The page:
Something I thought was funny, rereading that interview, was you said you were really attracted to Cal’s simplicity, which is pretty hilarious given where the character ended up.
ABDUL-MATEEN: Yeah. Well, I mean the truth of that, I can say, is that that was really just my answer for Cal. I was not really attracted to Cal’s simplicity. I mean that ended up being something that was kind of … it was fun to play Cal’s simplicity, but it was fun to play that because eventually, I knew that there was something on the other side, something that I got to do. But the truth is that going into it, I was just really excited about playing opposite Regina and working with HBO. And Cal was cool. Cal was like a cool outlook who I had the opportunity I really love what Regina and I created with everything. It’s an awesome love story. A true relationship that a lot of people have gravitated to. But knowing that Doctor Manhattan was waiting on the other side of the character was really rewarding and really, really excitng.
So talking a bit about episode eight specifically, are those your hands in the bar?
ABDUL-MATEEN: Yes, yes they are.
As an actor, how do you approach the challenge of having to play out such an important scene essentially through hands and voice?
ABDUL-MATEEN: One, as an actor, I think one did it just a little bit disappointed because you know as an actor, we want … we couldn’t have worn our faces out there. You know, I want people to see me. I want to shine. But then after that, it just becomes a physical challenge that the actor has to go and has to figure out. And we had a lot of fun. Because Nikki was very smart about how she crafted that scene and we knew going into it that it was a long bar scene in that we were very limited in how much we could show my face and how much of me that we could show. So it was pretty cool to go in and find moments to articulate his speech and to really still make him a human and to make that a two-person scene rather than a one-person scene where the camera will be on Regina all the time.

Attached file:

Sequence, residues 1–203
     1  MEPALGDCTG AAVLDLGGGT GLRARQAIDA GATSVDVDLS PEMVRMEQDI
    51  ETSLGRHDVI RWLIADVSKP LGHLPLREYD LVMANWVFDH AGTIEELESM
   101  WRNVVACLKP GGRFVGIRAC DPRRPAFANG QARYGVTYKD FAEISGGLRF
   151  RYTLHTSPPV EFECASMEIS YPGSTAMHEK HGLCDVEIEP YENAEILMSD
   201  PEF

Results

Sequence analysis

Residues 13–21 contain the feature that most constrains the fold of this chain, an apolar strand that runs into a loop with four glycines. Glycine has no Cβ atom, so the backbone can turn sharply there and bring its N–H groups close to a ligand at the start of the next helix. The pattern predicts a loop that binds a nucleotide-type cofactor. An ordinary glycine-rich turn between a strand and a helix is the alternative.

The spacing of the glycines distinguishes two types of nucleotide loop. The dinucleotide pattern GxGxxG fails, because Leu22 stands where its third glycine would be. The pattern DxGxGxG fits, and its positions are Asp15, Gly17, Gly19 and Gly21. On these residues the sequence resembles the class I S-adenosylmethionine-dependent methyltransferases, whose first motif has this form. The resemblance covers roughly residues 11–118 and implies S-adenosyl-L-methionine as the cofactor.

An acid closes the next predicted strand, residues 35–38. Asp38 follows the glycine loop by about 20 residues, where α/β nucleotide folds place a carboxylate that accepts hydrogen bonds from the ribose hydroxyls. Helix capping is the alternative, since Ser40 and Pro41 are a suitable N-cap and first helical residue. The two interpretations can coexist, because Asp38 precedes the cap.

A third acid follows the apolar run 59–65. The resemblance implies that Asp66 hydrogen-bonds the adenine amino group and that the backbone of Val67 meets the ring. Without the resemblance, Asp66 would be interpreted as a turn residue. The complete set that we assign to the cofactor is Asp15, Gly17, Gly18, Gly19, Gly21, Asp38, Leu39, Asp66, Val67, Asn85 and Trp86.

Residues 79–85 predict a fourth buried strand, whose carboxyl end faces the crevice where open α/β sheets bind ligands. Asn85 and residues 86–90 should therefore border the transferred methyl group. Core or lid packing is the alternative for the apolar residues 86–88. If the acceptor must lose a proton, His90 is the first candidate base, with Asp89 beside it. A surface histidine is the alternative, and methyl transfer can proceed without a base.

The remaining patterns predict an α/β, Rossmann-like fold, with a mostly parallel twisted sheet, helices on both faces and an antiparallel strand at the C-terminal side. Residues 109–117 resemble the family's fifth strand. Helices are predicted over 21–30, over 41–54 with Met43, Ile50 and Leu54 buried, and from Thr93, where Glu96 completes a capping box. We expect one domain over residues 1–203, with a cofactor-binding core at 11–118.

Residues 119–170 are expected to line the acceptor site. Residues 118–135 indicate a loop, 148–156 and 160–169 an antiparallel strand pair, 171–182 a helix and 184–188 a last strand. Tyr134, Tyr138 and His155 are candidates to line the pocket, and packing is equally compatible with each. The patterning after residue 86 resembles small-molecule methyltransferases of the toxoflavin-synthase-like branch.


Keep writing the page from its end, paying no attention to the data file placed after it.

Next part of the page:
It was fun. But I do wish that the camera was … that we got other options sometimes. Or at least I think while we were shooting, because actors, we tend to want the attention. But that was fun to do.
Once you did know the full truth of who you were playing, how did you approach the line between honoring that character without sort of tipping the hand to the audience?
ABDUL-MATEEN: You know, once I found out, I just said I’m going to act this as if I don’t. I think by then I had a relationship with Cal that I grew for myself, that I understood. I knew that Cal was a protector. I knew the Cal was very patient. That he led with being a husband and I wanted to craft a character that was a really good husband. And also knowing that Cal was going to go away. Then I said, well let me make him a very likable person, let me make him understanding and patient and kind and smart and loving, and not worry about Doctor Manhattan. So I just chose to try to make him two different people. Because Cal had no real idea that he was Doctor Manhattan. I think subconsciously there was something in there, but that was something that I just left up to the camera and left up to the audience. And then not try to really get in the way of my character by giving Cal too much to handle.
That’s interesting, because Angela ask him, “If you forget everything would you still be you?” And it sounds like you’re understanding is a little bit of yes and no.